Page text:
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Registration

October 17 & 18 Metropolitan Pavilion, NYC

The Great Debate: Open Source vs. Closed Source For Enterprise Software Infrastructure?

Moderator: 

ernest.lefner@bankofamerica.com

Ernest Lefner

Co-founder and Co-chairman, ONUG

SVP Architecture and Engineering Executive, Bank of America

Pro Closed Source:

Screen Shot 2015-04-07 at 2.15.44 PM

Charles Giancarlo

Senior Advisor, Silver Lake Partners

Pro Open Source:

LewTucker Headshot

Lew Tucker

Vice President and Chief Technology Officer, Cloud Computing, Cisco


Overview

Many in the ONUG Community are struggling with the use of open source code as part of their software infrastructure especially with the emergence of open sourced networking and storage efforts. For example, OpenStack has significantly beefed up its network and policy software stack. The Linux foundation has launched the OpenDayLight, OpenNFV, and Cloud Foundry initiatives, while OCP kicked off an open source reference switch design with an open switch OS initiative. Open Source projects promise vendor lock-in mitigation, lower costs, and the ability to tap innovation from all corners of the world. But are they delivering on the promise of open?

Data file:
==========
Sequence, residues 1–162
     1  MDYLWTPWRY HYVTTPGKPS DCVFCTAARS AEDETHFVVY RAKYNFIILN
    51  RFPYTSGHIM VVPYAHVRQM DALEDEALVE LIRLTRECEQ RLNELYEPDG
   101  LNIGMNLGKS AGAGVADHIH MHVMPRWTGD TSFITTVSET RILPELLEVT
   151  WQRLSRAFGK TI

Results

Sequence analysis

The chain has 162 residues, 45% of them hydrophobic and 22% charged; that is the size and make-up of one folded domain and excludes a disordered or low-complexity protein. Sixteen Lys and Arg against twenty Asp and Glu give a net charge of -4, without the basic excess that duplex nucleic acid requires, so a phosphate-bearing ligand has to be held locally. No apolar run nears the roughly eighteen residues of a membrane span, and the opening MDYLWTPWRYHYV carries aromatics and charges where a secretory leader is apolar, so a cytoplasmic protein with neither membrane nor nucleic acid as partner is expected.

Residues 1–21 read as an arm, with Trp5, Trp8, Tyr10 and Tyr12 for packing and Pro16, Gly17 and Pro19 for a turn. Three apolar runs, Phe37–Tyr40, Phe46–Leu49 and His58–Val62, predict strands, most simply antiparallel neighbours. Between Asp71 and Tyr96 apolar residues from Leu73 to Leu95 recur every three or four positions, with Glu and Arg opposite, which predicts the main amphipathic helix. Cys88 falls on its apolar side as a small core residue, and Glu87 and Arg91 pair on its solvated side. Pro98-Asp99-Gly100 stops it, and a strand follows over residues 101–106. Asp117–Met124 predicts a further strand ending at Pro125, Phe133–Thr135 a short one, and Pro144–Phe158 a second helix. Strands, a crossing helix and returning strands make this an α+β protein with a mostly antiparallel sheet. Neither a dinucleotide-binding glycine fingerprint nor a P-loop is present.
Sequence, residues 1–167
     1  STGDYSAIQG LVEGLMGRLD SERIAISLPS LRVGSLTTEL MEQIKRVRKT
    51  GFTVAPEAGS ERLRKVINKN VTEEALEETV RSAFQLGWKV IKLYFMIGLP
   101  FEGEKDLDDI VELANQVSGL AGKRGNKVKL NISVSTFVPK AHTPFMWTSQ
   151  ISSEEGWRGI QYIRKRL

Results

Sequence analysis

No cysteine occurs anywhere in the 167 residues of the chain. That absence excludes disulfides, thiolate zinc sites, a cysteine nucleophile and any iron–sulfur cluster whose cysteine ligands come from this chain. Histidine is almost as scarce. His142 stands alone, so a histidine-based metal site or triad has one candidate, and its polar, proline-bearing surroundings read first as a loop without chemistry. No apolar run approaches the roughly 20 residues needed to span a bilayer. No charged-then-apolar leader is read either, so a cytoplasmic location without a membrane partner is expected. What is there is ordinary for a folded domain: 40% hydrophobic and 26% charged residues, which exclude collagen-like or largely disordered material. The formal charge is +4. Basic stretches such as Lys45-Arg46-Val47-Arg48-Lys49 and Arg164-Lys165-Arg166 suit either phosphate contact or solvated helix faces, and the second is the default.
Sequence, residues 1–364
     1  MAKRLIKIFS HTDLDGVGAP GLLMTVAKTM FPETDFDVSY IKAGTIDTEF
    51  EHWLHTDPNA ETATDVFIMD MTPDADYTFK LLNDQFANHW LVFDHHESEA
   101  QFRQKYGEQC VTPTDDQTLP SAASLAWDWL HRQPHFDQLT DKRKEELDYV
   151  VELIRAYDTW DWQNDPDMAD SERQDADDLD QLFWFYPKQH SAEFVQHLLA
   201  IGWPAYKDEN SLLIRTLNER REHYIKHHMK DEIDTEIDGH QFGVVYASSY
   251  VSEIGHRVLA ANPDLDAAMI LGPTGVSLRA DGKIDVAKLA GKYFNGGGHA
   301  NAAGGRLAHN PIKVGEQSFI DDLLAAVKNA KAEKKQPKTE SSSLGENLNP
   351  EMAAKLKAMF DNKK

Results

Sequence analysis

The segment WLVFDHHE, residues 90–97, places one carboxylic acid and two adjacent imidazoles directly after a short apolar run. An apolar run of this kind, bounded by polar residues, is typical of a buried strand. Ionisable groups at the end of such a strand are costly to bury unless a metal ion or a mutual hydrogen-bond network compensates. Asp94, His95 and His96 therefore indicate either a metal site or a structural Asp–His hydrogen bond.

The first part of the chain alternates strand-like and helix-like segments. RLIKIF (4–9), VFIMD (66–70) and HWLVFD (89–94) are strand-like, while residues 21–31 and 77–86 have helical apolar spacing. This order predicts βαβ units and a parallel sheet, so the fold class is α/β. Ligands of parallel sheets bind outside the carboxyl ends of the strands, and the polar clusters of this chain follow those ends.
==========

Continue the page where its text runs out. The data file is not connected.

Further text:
Even one of the most successful open source projects, the OpenStack Foundation, is more fragmented than the Android market with proprietary and non-interoperable distros from Red Hat, IBM, HP, and others. All of these initiatives are vendor governed and funded on the order of $500K to $30K per year, per vendor member plus developer contributions which places control firmly in the hands of the vendors from which IT business leaders are seeking relief. Closed software, while it’s proprietary, comes with service and support plus a regular cadence of updates as well as APIs to support vendor specific ecosystems.  The bottom line is that you know what you’re getting with closed sourced software.

In this ONUG great debate of open versus closed source software, we’ll explore both sides of the argument with healthy involvement from the ONUG community.